Budget Resolutions and Economic Situation — Amendment of the Law

Part of the debate – in the House of Commons at 9:46 pm on 25th March 2013.

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Photo of Danny Alexander Danny Alexander The Chief Secretary to the Treasury 9:46 pm, 25th March 2013

I disagree with it, for reasons that I will come to. I will now make some progress.

Mr Darling made a characteristically thoughtful contribution to the debate. He has made it clear, not least through his leadership of the Better Together campaign but also in response to an intervention, that the Scottish National party is not being open about the scale of the problems that an independent Scotland would face.

It was not the presence on the Opposition Front Bench of members of the former Government that was most noticed last week. Many Members will have sensed a presence in the Chamber, and looking up they would have seen Lord Mandelson, a former member of the previous Government, looking down. Afterwards, he gave his views on the Budget. He said in a speech the following night:

“I can't quite remember which member of the government it was who claimed to have abolished boom and bust. Well, we abolished boom…The whole argument about whether we’re cutting too far and too fast, it’s in the past. It is rather predictable party political stuff from over the despatch box, and it is a bit tiring to the public.”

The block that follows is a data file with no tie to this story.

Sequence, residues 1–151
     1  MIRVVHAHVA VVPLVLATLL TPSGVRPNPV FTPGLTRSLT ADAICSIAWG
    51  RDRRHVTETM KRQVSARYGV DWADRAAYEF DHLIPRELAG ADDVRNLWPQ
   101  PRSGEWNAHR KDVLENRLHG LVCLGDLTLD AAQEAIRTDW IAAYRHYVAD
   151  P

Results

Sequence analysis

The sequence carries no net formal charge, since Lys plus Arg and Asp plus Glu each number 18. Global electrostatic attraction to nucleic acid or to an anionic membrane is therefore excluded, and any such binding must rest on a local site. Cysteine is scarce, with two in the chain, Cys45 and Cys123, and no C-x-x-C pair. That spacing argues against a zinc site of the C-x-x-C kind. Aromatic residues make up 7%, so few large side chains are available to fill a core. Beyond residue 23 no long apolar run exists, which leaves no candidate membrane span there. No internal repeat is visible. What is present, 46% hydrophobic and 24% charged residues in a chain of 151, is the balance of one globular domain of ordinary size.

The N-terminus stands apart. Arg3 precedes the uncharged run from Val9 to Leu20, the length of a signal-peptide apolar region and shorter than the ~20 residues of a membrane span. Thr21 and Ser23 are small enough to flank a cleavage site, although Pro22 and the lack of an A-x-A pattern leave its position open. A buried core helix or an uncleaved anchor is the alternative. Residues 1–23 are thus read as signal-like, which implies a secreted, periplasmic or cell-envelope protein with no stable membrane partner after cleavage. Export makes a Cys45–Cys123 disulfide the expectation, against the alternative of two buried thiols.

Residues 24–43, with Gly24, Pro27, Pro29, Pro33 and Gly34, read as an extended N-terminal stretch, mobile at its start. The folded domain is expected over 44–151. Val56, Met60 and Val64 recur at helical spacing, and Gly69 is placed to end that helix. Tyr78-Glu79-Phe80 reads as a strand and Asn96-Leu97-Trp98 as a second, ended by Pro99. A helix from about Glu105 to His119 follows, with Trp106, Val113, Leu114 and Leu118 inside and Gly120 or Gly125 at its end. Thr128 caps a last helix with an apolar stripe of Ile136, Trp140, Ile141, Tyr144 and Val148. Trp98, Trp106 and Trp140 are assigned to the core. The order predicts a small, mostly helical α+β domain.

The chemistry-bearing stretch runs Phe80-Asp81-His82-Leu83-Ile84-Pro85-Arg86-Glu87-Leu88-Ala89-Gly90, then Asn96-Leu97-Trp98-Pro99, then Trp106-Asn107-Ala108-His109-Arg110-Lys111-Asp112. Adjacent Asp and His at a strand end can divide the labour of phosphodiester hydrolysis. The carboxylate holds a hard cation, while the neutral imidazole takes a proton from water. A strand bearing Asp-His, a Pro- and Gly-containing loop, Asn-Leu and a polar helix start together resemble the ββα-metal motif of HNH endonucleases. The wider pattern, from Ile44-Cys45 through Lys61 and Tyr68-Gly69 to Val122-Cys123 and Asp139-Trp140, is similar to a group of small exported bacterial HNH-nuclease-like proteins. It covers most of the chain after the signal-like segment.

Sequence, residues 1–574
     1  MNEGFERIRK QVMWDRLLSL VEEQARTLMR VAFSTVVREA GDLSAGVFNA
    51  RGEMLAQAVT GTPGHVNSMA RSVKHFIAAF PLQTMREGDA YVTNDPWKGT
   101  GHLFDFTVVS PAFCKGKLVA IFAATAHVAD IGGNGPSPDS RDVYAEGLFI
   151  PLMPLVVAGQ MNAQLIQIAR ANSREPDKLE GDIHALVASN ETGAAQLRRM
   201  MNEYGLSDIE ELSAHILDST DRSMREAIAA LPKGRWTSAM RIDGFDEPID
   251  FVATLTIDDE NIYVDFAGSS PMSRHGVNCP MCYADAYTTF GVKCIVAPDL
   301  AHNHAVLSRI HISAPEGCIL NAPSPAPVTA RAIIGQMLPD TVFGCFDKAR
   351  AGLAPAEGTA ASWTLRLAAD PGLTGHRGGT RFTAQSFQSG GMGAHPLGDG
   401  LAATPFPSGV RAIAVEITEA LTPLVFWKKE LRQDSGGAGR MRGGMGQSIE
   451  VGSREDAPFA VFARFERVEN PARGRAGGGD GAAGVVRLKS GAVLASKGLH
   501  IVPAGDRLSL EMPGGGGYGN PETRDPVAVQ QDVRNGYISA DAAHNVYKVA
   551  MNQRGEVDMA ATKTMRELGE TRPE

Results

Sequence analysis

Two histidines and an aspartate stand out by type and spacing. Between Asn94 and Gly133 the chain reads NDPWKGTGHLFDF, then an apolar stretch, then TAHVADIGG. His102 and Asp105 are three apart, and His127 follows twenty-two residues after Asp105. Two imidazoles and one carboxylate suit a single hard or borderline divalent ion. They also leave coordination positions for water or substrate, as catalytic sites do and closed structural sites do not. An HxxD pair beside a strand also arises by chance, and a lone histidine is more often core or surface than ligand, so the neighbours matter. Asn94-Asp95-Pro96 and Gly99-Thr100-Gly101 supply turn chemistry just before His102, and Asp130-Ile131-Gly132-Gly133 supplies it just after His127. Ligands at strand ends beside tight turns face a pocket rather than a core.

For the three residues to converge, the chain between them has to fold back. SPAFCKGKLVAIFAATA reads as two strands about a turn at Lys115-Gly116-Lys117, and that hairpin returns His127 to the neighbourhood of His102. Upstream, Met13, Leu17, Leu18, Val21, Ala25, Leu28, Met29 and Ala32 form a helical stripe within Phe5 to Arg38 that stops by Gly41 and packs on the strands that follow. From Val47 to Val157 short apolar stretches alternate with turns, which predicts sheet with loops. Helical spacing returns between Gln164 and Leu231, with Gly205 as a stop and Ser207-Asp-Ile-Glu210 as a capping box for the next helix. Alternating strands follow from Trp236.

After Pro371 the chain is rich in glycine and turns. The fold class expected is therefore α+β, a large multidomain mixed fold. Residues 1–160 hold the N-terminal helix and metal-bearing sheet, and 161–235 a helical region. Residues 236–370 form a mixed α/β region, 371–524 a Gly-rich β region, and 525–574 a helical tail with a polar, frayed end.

The shadow Chancellor would do well to take note. Lord Mandelson then said the following, which is particularly significant in the context of an earlier intervention:

“I don’t think you can really take a chance, I think the markets, whose confidence in us to pay back what we borrow—that confidence is the determining factor. If that was seriously damaged by a lurch in policy I think that would be quite a risk which I would not blame the chancellor for refusing to take.”

That is sage advice from a former member of the previous Government, which Opposition Front Benchers would do well to take.